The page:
Take Back Gowanus

On July 9 1914, about 100 people came to listen to and speak about their concerns about Councilman Brad Lander’s “Bridging Gowanus” meetings that he hosted in 2013 and 2014.  But, many of us at the events felt the outcomes of those meetings had been predetermined and that the voices of many of the concerned citizens were not really heard.   No mention was made of what happens with another Sandy, nor infrastructure nor, nor other issues of concern to many citizens and residents.

Joseph Alexiou, a local activist and historian hosted a meeting to Take Back Gowanus on July 9 to rally neighbors and others around the canal to actually do something about how the planning work was proceeding. After the introductions, a democratic process took place where any person who wanted to make a very brief statement could do so about their concerns and hopes for the Gowanus Canal, now and in the future, after the Superfund cleanup process is done.  The people who came were primarily those who felt that their views had not been heard at the Bridging Gowanus meetings. There was a feeling of excitement and advocacy. People were each given the opportunity to make a very brief presentation and each of these were recorded on a spread sheet which has been shared with the attendees. People spoke with varying views from not moving forward at all with the superfund cleanup (leaving it all as it is)  to industry protection to making the Canal  a destination for visitors with recreational uses available.  I said that what the Sierra Club would strongly support keeping the banks as free of buildings as possible, building sponge parks and if possible to try to reestablish wetlands.   This would not be easy, but doing so would make the next Sandy less damaging. Other presenters talked about keeping small businesses and small industries on the Canal. Others supported the arts and entertainment centers which have opened along the Canal. Time ran out close to 10 pm. A second meeting would be scheduled with time and date to be sent out.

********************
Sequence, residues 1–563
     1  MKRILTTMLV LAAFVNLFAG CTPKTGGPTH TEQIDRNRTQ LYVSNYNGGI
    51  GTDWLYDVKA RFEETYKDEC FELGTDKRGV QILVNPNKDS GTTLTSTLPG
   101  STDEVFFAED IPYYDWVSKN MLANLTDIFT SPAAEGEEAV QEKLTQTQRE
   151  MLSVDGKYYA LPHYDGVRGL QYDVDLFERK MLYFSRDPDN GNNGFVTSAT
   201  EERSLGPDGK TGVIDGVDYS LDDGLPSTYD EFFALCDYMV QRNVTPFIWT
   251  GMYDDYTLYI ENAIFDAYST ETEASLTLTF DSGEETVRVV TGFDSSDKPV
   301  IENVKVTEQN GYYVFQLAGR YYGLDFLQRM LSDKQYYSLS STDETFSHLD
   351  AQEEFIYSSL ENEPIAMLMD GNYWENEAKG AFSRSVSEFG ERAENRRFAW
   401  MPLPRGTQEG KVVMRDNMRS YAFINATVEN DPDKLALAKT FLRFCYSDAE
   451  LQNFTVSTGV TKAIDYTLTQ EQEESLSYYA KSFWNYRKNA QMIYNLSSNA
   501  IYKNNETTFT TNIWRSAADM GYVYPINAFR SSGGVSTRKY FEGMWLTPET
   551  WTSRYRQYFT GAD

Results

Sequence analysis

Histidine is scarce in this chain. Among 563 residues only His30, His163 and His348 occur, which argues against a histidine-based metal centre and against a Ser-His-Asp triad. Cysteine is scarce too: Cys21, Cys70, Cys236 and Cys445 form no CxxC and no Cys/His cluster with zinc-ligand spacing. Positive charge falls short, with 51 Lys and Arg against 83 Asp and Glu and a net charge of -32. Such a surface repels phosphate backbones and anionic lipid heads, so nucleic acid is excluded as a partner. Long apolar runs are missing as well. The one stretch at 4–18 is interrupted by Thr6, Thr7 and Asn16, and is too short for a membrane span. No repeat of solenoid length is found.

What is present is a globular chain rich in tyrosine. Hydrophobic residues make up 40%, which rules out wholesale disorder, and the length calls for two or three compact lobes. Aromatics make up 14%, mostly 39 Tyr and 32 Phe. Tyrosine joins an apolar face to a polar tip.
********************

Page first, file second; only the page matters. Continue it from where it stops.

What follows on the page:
What is Needed Now

In my view the following priorities are critical.

  • In light of the dangers of flooding, there should be minimal development along the Canal and open spaces that still exist should be maintained.
  • To the extent possible, wetlands in areas like Public Place (an area that National Grid is cleaning up of past coal gas process contaminants) and in the area designated the Sponge Park should be restored.  These could be important given projected sea level rise and the likelihood of more Sandys in the future.
  • Small industries and businesses that still exist, including the artist and artisans, and entertainment areas that line the Canal, should be preserved.
  • Large housing developments, planned alongside the Canal, which will be vulnerable during the cleanup process and will probably not be completed for another 10 years, should not be built. Their presence will negatively impact the movement of water during storms and will require added water and waste water infrastructure that has not been a part the City current plans.

I am looking forward to the next meeting.

Diane Buxbaum has an MPH and is Conservation Chair of the NYC Group Sierra Club